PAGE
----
Monday, August 16, 2010

Getting UN-wired

After a few billion years (give-or-take a half a billion), life has evolved on this planet sans digital technology. It's only been in the last 20 years computers have become ubiquitous and even far fewer that we've been carrying smartphones and Blackberries. So let me ask you - do you think our brains are more designed to deal with the pace of nature or electrons traveling at the speed of light? It seems more and more scientists are looking into what digital technology is doing to our brains and our attention spans, and what nature can do to bring us back into focus.
I'd already written a number of moons ago about the apparent benefits of getting children out into nature, as more and more children are growing up in front of screen and shunning the outdoors. But even those of us for whom childhood was largely electronic gadget-free are now showing symptoms of computer fatigue.
Call it serendipity, call it chance but just as I've taken to reading The Shallows: What the Internet is Doing to Our Brain by Nicholas Carr, I came across the following NYT article discussing pretty much the same thing. Is our current 24/7 flood of information overloading a system crafted by Mother Nature and fine-tuned over countless generations to deal with a much slower pace and subtle clues? Sure, we have our fight-or-flight instincts to process and deal with sudden emergencies, but we are now having to handle a constant flood of new information, each touted as more important than the last keeping our stress levels unnaturally high. Is it any wonder then that in this day and age, there is a preponderance of drugs to treat problems like constipation, erectile dysfunction, and difficulty urinating, all conditions exacerbated by the fight-or-flight reaction? (in short - in an emergency our bodies shut down our digestive and reproductive systems in order to divert all resources to dealing with the immediate situation)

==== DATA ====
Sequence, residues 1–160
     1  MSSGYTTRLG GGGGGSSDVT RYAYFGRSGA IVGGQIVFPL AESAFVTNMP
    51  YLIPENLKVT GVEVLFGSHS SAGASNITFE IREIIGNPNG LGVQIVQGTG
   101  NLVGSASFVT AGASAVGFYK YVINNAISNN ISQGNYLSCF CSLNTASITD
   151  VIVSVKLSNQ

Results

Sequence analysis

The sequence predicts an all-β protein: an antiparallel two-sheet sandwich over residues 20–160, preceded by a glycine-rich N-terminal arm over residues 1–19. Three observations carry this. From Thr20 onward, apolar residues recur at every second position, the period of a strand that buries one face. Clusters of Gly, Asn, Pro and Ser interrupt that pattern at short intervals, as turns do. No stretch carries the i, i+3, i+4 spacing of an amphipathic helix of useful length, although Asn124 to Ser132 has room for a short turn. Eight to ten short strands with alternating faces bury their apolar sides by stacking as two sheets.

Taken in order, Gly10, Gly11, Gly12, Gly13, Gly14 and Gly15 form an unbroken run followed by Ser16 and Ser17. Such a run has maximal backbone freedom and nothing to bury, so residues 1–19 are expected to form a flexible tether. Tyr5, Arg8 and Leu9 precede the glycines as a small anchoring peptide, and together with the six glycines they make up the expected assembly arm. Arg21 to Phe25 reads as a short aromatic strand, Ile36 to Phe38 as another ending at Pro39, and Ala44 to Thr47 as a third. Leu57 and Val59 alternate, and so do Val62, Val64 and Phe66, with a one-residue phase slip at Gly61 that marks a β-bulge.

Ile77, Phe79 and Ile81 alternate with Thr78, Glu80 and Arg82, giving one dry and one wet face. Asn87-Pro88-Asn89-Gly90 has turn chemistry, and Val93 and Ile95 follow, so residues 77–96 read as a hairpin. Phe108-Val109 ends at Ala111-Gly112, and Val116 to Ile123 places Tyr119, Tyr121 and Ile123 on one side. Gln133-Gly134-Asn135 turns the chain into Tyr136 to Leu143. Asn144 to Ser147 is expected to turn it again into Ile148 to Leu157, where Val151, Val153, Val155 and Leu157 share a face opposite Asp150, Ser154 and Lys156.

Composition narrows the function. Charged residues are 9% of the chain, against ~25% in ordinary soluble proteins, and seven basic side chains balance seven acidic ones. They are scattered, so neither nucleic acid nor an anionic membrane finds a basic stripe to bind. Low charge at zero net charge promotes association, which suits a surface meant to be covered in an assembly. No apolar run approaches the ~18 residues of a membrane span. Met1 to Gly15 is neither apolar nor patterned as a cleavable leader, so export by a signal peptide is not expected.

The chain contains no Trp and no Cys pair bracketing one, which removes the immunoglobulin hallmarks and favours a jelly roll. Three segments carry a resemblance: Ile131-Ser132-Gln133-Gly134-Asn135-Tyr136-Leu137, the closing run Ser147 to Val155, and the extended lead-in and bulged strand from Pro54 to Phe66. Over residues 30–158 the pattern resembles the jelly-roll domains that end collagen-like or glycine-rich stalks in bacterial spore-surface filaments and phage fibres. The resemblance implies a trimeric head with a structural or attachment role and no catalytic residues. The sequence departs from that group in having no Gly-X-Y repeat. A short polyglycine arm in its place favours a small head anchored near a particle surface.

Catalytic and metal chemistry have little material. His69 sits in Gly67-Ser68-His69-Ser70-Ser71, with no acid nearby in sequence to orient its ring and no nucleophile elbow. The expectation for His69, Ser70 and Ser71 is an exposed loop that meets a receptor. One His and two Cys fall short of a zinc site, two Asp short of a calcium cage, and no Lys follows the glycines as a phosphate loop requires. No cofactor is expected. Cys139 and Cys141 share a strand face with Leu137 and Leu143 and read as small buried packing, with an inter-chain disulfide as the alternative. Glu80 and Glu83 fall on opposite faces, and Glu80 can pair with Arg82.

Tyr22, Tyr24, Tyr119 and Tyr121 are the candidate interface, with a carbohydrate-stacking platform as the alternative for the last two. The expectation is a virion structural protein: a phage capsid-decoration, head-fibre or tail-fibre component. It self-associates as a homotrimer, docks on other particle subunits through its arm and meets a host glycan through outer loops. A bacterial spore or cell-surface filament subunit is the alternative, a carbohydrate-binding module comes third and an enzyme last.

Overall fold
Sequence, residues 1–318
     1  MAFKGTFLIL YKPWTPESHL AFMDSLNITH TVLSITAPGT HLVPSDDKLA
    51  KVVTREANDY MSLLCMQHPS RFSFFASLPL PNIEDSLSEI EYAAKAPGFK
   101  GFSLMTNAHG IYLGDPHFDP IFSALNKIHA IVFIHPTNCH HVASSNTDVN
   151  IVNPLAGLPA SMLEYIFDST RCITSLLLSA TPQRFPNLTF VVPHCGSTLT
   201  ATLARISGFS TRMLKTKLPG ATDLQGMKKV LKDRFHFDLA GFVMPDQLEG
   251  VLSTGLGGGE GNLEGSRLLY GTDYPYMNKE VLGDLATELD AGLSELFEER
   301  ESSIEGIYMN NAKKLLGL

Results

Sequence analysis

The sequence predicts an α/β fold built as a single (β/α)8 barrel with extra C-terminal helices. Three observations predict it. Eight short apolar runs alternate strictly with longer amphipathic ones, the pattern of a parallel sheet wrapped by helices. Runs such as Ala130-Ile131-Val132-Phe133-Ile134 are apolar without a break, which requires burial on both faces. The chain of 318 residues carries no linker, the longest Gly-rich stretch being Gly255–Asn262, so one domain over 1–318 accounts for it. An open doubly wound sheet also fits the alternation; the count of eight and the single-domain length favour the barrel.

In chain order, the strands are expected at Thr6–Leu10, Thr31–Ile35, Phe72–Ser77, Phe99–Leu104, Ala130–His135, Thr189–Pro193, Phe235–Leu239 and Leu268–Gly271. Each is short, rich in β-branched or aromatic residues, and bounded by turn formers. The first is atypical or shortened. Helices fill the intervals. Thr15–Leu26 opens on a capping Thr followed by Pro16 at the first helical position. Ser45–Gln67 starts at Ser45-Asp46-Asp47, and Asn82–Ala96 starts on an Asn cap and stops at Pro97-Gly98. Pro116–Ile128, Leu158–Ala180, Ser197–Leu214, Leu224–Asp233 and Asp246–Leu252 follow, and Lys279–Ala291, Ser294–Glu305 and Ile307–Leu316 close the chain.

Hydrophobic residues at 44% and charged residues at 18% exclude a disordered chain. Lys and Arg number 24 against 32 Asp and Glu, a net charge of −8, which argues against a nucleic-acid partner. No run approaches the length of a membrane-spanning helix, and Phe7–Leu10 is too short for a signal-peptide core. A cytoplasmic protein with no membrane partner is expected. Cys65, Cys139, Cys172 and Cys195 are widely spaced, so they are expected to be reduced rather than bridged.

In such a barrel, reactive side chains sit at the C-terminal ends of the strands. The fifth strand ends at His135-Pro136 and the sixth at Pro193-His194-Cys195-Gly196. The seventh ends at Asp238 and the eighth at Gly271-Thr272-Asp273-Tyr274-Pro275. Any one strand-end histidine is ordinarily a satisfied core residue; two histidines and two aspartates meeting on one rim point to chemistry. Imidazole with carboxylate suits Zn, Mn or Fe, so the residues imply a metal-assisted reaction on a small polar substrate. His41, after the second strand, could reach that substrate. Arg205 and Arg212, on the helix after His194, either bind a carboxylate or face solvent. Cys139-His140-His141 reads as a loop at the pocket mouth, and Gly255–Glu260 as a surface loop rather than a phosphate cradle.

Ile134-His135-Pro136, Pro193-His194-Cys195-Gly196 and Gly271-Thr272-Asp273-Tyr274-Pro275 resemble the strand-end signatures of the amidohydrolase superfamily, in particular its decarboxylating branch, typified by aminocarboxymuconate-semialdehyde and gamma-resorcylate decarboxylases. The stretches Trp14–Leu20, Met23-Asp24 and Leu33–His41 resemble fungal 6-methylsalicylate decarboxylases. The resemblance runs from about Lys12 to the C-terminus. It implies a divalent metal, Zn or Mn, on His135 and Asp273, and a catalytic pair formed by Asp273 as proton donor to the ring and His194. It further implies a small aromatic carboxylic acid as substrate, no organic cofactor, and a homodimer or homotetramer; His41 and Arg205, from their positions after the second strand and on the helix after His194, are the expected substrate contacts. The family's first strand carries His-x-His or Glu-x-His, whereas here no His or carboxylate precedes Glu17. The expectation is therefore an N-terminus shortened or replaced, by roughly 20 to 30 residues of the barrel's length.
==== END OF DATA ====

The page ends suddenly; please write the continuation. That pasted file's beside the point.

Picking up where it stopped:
Wading back into The Shallows; it asks if our brains are literally wiring themselves differently (and in children, developing differently) in this age of sound bites, YouTube, Twitter, Facebook status updates, and clicking from one Web page to another after just a few seconds. Are we losing our ability to think deeply about important topics? I’ll admit, I’ve noticed my skills of concentration don’t seem to be what they used to be and I sometimes find myself skimming even short online articles so I can click through to the next link. And let’s be honest: You don’t become good at anything by doing it for 30 seconds at a clip.

I highly recommend you read Mr. Carr's book; it will make you rethink how much time you allow yourself and your kids to spend online (even if it means reading The Balanced Guy less often!)

In closing this thought, I've taken longer than usual to add to this blog while I've been taking a needed hiatus from the Net (mainly social networking). After more than two weeks away from Facebook and working to limit my other time online, I can honestly say I feel less stressed and less "needing" to check email et al. Why don't you give it a try and get unwired?